Heyran Choi (Conceptualization; Data curation; Formal analysis; Funding acquisition; Investigation; Methodology; Project administration; Resources; Software; Supervision; Validation; Visualization; Writing – original draft; Writing – review & editing)

Sun Young Park (Conceptualization; Data curation; Formal analysis; Funding acquisition; Investigation; Methodology; Project administration; Resources; Software; Supervision; Validation; Visualization; Writing – original draft; Writing – review & editing)

Yong Beom Kim (Conceptualization; Data curation; Formal analysis; Funding acquisition; Investigation; Methodology; Project administration; Resources; Software; Supervision; Validation; Visualization; Writing – original draft; Writing – review & editing)

Junyong In (Conceptualization; Data curation; Formal analysis; Funding acquisition; Investigation; Methodology; Project administration; Resources; Software; Supervision; Validation; Visualization; Writing – original draft; Writing – review & editing)

Hong Seuk Yang (Conceptualization; Data curation; Formal analysis; Funding acquisition; Investigation; Methodology; Project administration; Resources; Software; Supervision; Validation; Visualization; Writing – original draft; Writing – review & editing)

Jeong-seok Lee (Conceptualization; Data curation; Formal analysis; Funding acquisition; Investigation; Methodology; Project administration; Resources; Software; Supervision; Validation; Visualization; Writing – original draft; Writing – review & editing)

Sanghyun Kim (Conceptualization; Data curation; Investigation; Methodology; Project administration; Validation; Visualization; Writing – original draft; Writing – review & editing)

Suyeon Park (Conceptualization; Formal analysis; Investigation; Methodology; Project administration; Software; Supervision; Validation; Visualization; Writing – review & editing)

Fig. 1.
Train-of-four (TOF) ratio after sugammadex administration in dexamethasone group. Values are presented as the mean ± SE. *P < 0.05 using the generalized estimating equations.
kja-d-18-00238f1.jpg
Fig. 2.
Train-of-four (TOF) ratio after sugammadex administration in hydrocortisone group. Values are presented as the mean ± SE. *P < 0.05 using the generalized estimating equations.
kja-d-18-00238f2.jpg
Fig. 3.
Train-of-four (TOF) ratio and T1 ratio after sugammadex administration in all groups. Values are presented as the mean ± SE.
kja-d-18-00238f3.jpg
Table 1.
Effective Dose of Rocuronium (mg/ml) at Different Concentrations of Dexamethasone and Hydrocortisone (mg/ml)
Concentration of dexamethasone (mg/ml)
Concentration of hydrocortisone (mg/ml)
0 (n = 10) 0.5 (n = 10) 5 (n = 11) 50 (n = 10) P value 0 (n = 8) 1 (n = 12) 10 (n = 12) 100 (n = 11) P value
ED5 4.8 ± 0.55 3.7 ± 0.84 3.6 ± 1.16 5.0 ± 1.18 0.439 6.0 ± 1.20 5.5 ± 0.45 5.7 ± 1.02 5.5 ±0.99 0.626
ED10 5.4 ± 0.61 4.4 ± 0.88 4.3 ± 1.21 5.7 ± 1.24 0.449 6.8 ± 1.18 6.7 ± 0.56 6.6 ± 1.03 6.4 ± 0.88 0.751
ED25 6.5 ± 0.74 5.6 ± 0.98 5.5 ± 1.30 6.8 ± 1.33 0.495 9.2 ± 1.19 8.4 ± 0.72 7.8 ± 1.10 7.7 ± 0.78 0.904
ED50 7.1 ± 0.89 6.7 ± 1.12 6.8 ± 1.40 7.6 ± 1.44 0.518 9.2 ± 1.19 10.2 ± 0.87 9.0 ± 1.22 9.0 ± 0.77 0.949
ED75 9.3 ± 1.06 9.1 ± 1.27 9.1 ± 1.50 9.8 ± 1.55 0.568 10.4 ± 1.25 11.9 ± 1.03 10.3 ± 1.37 10.3 ± 0.86 0.966
ED90 11.6 ± 1.24 11.7 ± 1.43 11.6 ± 1.61 11.8 ± 1.67 0.946 11.6 ± 1.34 13.6 ± 1.19 11.5 ± 1.55 11.6 ± 1.01 0.993
ED95 12.6 ± 1.37 13.8 ± 1.55 13.8 ± 1.69 13.4 ± 1.75 0.907 12.4 ± 1.41 14.8 ± 1.30 12.3 ± 1.68 12.5 ± 1.14 0.996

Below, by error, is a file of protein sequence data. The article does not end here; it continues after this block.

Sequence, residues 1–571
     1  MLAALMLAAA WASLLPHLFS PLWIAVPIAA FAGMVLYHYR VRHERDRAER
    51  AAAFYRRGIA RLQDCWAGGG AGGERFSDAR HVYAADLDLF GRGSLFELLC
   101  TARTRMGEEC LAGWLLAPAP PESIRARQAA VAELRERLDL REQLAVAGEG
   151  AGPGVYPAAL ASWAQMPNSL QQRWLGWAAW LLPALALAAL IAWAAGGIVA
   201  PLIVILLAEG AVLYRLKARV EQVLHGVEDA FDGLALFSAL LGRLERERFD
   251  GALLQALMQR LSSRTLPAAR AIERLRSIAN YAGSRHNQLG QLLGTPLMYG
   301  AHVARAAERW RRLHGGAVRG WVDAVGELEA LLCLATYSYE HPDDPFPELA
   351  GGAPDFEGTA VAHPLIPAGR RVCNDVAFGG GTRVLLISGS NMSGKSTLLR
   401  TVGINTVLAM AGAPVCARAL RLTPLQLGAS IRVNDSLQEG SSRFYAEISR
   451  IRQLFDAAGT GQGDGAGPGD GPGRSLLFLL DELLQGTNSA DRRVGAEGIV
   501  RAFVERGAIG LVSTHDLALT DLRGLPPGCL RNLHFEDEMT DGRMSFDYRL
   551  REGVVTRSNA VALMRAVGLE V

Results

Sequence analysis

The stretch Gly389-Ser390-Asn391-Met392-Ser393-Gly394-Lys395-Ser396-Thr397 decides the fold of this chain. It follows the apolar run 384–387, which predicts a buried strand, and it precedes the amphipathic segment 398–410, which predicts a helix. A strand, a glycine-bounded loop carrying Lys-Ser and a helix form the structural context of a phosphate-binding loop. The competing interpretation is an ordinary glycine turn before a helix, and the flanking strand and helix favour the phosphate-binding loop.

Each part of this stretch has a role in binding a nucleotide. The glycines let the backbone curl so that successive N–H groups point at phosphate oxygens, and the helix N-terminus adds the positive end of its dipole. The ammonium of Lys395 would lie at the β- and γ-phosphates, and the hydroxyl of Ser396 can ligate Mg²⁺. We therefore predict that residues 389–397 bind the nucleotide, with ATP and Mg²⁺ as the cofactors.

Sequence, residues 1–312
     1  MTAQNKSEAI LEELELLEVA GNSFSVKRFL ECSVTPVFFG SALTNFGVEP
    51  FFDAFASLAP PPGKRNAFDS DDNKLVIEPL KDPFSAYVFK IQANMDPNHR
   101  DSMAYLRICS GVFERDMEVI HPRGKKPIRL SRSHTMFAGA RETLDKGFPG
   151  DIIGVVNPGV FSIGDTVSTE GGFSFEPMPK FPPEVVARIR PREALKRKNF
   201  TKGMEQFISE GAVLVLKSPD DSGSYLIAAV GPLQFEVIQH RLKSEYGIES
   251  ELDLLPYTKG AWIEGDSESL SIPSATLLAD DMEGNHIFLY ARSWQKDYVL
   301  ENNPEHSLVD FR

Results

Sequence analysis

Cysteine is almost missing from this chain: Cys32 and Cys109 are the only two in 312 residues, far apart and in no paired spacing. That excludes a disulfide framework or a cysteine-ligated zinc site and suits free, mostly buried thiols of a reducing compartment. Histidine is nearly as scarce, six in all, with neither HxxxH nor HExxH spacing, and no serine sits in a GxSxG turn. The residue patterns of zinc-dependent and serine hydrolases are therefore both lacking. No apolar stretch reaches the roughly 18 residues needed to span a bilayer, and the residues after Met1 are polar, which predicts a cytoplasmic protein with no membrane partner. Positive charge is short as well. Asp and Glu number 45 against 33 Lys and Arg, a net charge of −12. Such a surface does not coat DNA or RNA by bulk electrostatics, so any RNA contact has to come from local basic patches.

Total 12.0 ± 1.37 12.5 ± 1.79 13.0 ± 2.04 13.7 ± 1.89 0.644 12.5 ± 1.73 14.2 ± 2.29 12.1 ± 1.74 12.3 ± 1.62 0.755

Values are presented as mean ± SD. ED: effective dose for T1 twitch depression, Total: total dose for complete blockade. P values compared ofrocuronium concentrations between each concentration ofdexamethasone or hydrocortison.

Table 2.
The Recovery of the TOF Ratio and T1 at 30 Minutes after Rocuronium-equimolar Sugammadex Administration with Different Concentrations of Dexamethasone and Hydrocortisone
Concentration of drug TOF ratio T1 (%) Recovery index (min)
Concentration of dexamethasone (µg/ml)
 0 (n = 10) 0.98 (0.97–1.00) 93.5 (84.8–94.3) 7.25 (5.47–9.07)
 0.5 (n = 10) 0.94 (0.79–0.98) 89.6 (84.2–96.1) 7.90 (6.70–10.30)
 5 (n = 11) 0.97 (0.71–0.99) 85.3 (72.4–93.0) 7.40 (6.60–10.50)
 50 (n = 10) 0.81 (0.53–0.87) 89.3 (75.3–91.8) 10.45 (8.92–12.67)
 P < 0.001* 0.300 0.164
Concentration of hydrocortisone (µg/ml)
 0 (n = 8) 0.93 (0.67–0.98) 91.9 (85.0–99.7) 6.25 (5.07–10.13)
 1 (n = 9) 0.83 (0.71–0.94) 87.0 (76.8–100.5) 8.00 (5.00–12.00)
 10 (n = 12) 0.86 (0.75–0.94) 91.1 (83.8–96.0) 7.43 (3.64–14.11)
 100 (n = 11) 0.49 (0.41–0.59),,§ 73.2 (68.4–77.7),,§ 13.00 (10.24–16.66)
 P < 0.001* < 0.001* 0.045*

Values are presented as median and inter-quartile range. TOF: train-of-four, T: the first twitch of train-of-four.

* P < 0.05 using the Kruskal-Wallis test.

† P < 0.05 vs. 0 μg/ml of dexamethasone or hydrocortisone,

‡ P < 0.05 vs. 0.5 μg/ml of dexamethasone or 1 μg/ml of hydrocortisone,

§ P < 0.05 vs. 5 g/ml of dexamethasone or 10 μg/ml of hydrocortisone using the Mann-Whitney U test with Bonferroni correction.

Table 3.
The Results of GEE of the TOF Ratio after Rocuronium-equimolar Sugammadex Administration with Different Concentrations of Dexamethasone and Hydrocortisone
Concentration × Time Beta SE 95% Wald CI
P value*
Lower Upper
Concentration of dexamethasone (mg/ml)
 0 (n = 10) Reference
 0.5 (n = 10) −0.003 0.002 −0.008 0.001 0.165
 5 (n = 11) −0.004 0.001 −0.008 −0.001 0.022
 50 (n = 10) −0.008 0.003 −0.015 −0.002 0.015
oncentration of hydrocortisone (mg/ml)
 0 (n = 8) Reference
 1 (n = 9) −0.001 0.004 −0.009 0.006 0.715
 10 (n = 12) 0.000 0.004 −0.008 0.007 0.902
 100 (n = 11) −0.010 0.004 −0.018 −0.002 0.018

Dependent Variable: TOF ratio. GEE: generalized estimating equations, TOF: train-of-four.

* P value adjusted by group and time.